Feminine Hygiene | Air Freshening | Hand Washing | Hand Drying | Paper Provisions | Water Controls | Disabled Access

The Environment Act 1990 places a 'duty of care' obligation on every business operator to ensure that waste is managed properly right up to the point of disposal

Sanitary Waste Disposal

(Reg 21 - Approved Code of Practice, Workplace Health, Safety & Welfare Regulations 1992)

"in the case of water closets used by women, suitable means should be provided for the disposal of sanitary dressings"

This Regulation is reinforced by the Water Industries Act 1991, which states that ;
no items should be flushed that could cause a blockages in the sewers or drains.

The Disposal of Sanitary Waste should be carried out in such a way as to be discreet on the premises.
The storage of sanitary waste on site should be in proper disposal containers, sanitary bins
('Sani-bins' or 'FemiBins') FemiBin is a trademark of o3 solutions)
The Sanitary bins should contain an agent that will eliminate odours to stop them escaping. It should also be effective against bacteria including hepatitis B.
Waste disposal must only be carried out by registered waste carriers, registered with the Environment and Heritage Service in NI + GB.

Air Freshening / Air Purifying

(Reg 21 - Approved Code of Practice, Workplace Health, Safety & Welfare Regulations 1992)

The regulations state that with respect to washrooms,

"means should be taken to prevent odours from lingering in and from entering into other rooms"

Regulation 25 states that

"rest rooms and rest areas shall include suitable arrangements to protect non-smokers from the discomfort caused by tobacco smoke"

This of course has been amended by the Smoking Ban where smoking is not permitted in any enclosed public area

Hand Washing

(Reg 21 - Approved Code of Practice, Workplace Health, Safety & Welfare Regulations 1992)

Washing facilities
"... must include soap or other suitable means of cleaning"

It is preferable to have soap dispensers for dispensing liquid soap rather than bar soaps.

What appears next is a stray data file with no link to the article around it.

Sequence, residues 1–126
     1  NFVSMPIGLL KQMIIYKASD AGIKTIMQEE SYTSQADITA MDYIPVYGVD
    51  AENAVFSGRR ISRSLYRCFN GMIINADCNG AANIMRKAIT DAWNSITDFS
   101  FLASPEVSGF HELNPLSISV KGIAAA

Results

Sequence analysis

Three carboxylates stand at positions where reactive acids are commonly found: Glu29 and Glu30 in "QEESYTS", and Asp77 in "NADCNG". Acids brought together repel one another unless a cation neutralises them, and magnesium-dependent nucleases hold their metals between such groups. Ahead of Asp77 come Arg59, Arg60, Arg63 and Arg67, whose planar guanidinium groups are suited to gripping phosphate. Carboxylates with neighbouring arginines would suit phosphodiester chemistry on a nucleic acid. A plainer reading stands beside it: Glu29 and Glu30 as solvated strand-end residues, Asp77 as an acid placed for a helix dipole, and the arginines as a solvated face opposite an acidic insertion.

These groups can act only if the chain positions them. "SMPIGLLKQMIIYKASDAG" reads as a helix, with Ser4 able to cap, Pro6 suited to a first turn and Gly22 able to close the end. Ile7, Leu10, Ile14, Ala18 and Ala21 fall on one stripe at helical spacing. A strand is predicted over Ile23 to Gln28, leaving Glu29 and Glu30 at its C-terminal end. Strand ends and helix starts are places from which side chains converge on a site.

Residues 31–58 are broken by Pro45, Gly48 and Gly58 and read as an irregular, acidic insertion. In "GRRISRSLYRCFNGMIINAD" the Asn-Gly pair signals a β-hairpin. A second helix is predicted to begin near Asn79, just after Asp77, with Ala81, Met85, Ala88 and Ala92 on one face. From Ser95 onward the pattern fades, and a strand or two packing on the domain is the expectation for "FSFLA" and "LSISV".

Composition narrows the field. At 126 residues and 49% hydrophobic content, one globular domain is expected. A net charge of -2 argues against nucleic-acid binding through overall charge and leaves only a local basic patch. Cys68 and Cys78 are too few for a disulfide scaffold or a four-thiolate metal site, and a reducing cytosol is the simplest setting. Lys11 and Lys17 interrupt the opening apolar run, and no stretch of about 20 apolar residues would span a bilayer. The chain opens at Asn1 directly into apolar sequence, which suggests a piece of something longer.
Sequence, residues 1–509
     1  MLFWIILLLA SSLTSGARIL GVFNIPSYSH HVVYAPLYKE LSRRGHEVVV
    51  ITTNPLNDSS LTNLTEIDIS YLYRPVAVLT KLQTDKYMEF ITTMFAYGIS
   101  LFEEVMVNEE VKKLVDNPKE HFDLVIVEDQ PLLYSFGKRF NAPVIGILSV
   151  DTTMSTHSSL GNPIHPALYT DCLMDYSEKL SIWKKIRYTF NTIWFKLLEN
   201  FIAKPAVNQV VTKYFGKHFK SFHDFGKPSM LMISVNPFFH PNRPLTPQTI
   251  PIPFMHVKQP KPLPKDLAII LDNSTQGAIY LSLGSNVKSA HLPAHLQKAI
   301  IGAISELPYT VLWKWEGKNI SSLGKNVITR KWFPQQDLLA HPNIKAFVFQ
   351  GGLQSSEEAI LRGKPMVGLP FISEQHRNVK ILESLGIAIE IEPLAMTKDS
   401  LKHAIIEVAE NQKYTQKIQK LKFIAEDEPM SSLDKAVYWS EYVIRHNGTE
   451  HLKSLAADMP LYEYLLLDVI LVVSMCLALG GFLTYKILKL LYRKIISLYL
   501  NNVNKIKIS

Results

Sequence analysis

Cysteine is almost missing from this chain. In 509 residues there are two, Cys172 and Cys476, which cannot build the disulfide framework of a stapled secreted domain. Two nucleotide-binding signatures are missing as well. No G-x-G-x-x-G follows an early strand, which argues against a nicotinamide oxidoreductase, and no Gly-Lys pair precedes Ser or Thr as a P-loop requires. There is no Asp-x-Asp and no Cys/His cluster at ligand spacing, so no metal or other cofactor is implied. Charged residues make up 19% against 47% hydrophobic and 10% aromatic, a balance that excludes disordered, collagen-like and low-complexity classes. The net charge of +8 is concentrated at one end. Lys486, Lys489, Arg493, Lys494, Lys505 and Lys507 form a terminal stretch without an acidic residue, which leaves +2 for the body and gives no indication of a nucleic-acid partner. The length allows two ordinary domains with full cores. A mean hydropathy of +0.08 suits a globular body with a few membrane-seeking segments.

Bacteria can survive on the surface of soap bars which can be transfered from person to person.
Automatic soap dispensers which dispense soap automatically using an infra-red sensor without the need for the user to touch the dispenser are best suited for optimum hygiene situations to reduce cross-contamination
Water stored for hand washing should be stored above 60 degrees celcius to avoid contamination by legionella.
Water dispensed at faucets should be no more than 41 degrees celcius to avoid scalding

Hand Drying

(Reg 21 - Approved Code of Practice, Workplace Health, Safety & Welfare Regulations 1992)

Washing facilities;
"must include towels or other suitable means of drying"

To provide an environmentally sound washroom, it is best practice to provide hand drying units.
If paper towels are to be provided, it is advised that they are made from recycled or sustainable sources
Hand Dryers that have a low power consumption are more environmentally friendly, and have lower running costs.
The faster the drying time, the lower the running cost, the less power used, and the more user friendly they are.

Paper Provisions

(Reg 21 - Approved Code of Practice, Workplace Health, Safety & Welfare Regulations 1992)

In the case of water closets
"toilet paper in a holder or dispenser ... should be provided"

Adequate provisions, including spare rolls should be available. Dispensers that hold more than one roll can be used if washrooms are subject to high traffic.
Washrooms should be serviced on a regular basis to ensure all paper towels and toilet rolls are fully stocked.
A washroom hygiene monitor can be installed to show how often the washrooms are serviced.

Water Controls / Urinal Flush

(Water By-Law 1983)

Every pipe that supplies water to a flushing system or a trough used for flushing a urinal shall be fitted with
• either a flow shut-off device controlled by a time switch and a lockable shut-off valve,

• or some other equally effective automatic device or method for regulating the periods during which the cistern or trough may fill.

Important Information on Disabled / Adapted / Accessible Toilets

Location | Doors | WC Position | WC Flush | Sinks/Taps | Dispensers | Grab Rails | Back Pad | Alarm | Accessories | Lighting | Decor

Toilet Location

Disabled toilets should be provided, where possible, on the ground floor.
Where the accessible toilet is not placed immediately adjacent to the male and female toilets, a sign is needed to direct visitors to the accessible toilet.
They should be unisex toilets, and notincorporated into the ladies or gents main toilet area, so as to allow a member of the opposite sex to accompany for assitance.
BS 8300 recommends a minimum cubicle size of 2.2 m x 1.5 m.


Minimum opening – 925 mm. No door closer should be fitted.
The door must be capable of opening outwards. It can also open inwards if the cubicle is large enough, but it must be capable of opening outwards in an emergency. eg in case a disabled person falls over inside the cubicle against door.
There needs to be a horizontal closing rail on the inside of the door at a height of 680 mm. This will enable the disabled person to pull the door closed from the hinge side of the door, without having to “fetch” the lock side of the door.
There needs to be a lock that is convenient to operate and can be opened from the outside in case of emergency. The lock needs to be operated by a lever not by a rotating action.